Ensuring judicial accountability
Who will judge our Judges? It is a high profile debate in Bangladesh. We know every state has constitution, some have written some have unwritten. United Kingdom is one of the exceptions which have no written constitution. They believe their Parliament is sovereign and given power to remove Judges. This power was from the 1701 Act of Settlement and is now contained in section 11(3) of the Supreme Court Act 1981. But we have seen the power had never been exercised in England and Wales.
The United State has written Constitution and it is clearly mentioned in the constitution how to remove a judge from his post. The right to impeach public officials is secured by the U.S. Constitution in Article I, Sections 2 and 3, which discuss the procedure, and in Article II, Section 4, which indicates the grounds for impeachment: "the President, Vice President, and all civil officers of the United States shall be removed from office on impeachment for, and conviction of, treason, bribery, or other high crimes and misdemeanours." The history says that they have impeached one justice of the Supreme Court, and eleven federal judges through this process.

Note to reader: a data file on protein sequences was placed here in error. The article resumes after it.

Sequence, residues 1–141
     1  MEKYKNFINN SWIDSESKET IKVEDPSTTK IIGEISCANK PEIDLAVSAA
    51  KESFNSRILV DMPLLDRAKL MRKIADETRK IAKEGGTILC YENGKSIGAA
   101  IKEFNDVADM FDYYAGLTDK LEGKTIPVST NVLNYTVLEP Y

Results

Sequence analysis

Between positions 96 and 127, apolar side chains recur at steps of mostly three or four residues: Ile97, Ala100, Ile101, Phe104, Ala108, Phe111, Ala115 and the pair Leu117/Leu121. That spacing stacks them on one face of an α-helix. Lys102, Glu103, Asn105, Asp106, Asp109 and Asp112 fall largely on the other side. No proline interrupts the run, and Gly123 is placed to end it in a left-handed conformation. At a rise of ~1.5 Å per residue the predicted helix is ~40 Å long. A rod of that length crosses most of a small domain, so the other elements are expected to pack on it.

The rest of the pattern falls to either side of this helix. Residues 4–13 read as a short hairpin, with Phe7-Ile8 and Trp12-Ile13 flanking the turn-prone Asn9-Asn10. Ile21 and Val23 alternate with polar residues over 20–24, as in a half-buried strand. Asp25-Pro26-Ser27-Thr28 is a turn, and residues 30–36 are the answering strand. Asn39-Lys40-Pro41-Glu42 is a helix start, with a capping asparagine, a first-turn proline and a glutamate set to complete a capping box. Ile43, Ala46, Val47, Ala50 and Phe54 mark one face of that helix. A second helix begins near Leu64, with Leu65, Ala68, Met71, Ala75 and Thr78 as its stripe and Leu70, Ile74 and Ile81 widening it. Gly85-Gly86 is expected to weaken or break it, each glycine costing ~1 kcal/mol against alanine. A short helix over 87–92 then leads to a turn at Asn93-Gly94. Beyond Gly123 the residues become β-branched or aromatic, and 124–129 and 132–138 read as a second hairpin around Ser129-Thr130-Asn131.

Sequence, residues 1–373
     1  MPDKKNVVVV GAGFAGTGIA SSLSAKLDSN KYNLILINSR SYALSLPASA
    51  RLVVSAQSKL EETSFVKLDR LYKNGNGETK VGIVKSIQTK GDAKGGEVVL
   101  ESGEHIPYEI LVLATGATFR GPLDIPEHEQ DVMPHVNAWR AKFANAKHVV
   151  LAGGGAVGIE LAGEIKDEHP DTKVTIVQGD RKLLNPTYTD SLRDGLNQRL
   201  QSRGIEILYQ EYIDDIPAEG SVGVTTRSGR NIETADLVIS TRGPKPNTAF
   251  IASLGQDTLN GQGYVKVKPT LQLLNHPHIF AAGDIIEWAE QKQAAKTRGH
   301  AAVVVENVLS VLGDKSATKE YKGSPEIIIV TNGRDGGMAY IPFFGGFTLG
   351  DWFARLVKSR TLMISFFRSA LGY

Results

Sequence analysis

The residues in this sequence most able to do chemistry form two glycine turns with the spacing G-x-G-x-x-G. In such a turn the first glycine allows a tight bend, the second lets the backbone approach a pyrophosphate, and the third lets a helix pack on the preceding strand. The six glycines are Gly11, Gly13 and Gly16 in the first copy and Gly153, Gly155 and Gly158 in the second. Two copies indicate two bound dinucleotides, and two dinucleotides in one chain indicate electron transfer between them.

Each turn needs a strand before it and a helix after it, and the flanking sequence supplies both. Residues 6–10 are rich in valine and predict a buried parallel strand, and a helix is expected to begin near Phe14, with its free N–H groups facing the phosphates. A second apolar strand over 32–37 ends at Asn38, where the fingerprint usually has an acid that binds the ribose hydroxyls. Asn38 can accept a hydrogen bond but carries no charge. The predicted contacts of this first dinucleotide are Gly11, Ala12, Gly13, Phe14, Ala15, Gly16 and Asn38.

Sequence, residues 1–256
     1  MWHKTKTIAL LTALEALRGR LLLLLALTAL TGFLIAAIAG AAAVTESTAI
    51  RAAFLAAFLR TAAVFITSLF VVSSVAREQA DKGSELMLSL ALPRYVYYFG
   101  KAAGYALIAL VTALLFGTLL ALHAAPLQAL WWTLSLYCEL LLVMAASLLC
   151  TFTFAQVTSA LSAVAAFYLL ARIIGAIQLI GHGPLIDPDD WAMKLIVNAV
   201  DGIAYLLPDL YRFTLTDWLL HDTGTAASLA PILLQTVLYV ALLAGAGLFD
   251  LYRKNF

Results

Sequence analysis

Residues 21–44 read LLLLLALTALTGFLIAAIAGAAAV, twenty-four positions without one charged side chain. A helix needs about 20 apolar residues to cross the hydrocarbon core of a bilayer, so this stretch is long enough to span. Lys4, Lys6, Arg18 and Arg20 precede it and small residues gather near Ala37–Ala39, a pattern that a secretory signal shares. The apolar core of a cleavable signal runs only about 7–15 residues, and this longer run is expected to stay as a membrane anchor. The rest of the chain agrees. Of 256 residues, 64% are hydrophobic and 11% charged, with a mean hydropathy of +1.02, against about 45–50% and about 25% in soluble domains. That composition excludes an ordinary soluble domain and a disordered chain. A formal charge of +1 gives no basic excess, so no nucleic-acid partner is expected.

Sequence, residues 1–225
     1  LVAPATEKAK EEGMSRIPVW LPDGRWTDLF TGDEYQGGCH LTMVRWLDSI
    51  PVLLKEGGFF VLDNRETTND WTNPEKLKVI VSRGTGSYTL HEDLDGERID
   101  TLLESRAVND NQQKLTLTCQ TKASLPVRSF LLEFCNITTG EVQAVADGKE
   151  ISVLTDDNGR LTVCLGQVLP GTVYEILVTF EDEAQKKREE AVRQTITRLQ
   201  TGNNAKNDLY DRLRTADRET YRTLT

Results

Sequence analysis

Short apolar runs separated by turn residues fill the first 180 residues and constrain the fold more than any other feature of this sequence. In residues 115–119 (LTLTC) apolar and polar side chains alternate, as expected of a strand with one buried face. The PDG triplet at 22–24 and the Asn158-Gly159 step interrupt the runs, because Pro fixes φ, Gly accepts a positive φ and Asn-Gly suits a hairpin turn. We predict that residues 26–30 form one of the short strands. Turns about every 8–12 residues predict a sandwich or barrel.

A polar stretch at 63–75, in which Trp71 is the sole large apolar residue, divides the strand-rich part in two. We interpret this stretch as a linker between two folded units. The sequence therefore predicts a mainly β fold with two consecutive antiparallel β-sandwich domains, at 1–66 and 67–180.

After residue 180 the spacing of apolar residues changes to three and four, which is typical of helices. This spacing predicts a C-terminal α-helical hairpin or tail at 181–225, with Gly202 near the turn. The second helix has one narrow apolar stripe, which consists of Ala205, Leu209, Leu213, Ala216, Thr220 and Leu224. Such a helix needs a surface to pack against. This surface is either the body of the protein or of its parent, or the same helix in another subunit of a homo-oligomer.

The Bangladesh Constitution Article 96(2) give rights “A Judge shall not be removed from office except in accordance with the following provisions of this article.” We have seen the Constitution gives guideline to form a Supreme Judicial Council to remove a judge from his post. The Council will consist with three members (Chief Justice and two next Senior Judges). This Council is given power to make an inquiry for any 'gross misconduct' done by judicial officer and they report it to the President. It is the President who can remove a judge from his post [Article 96 (6)].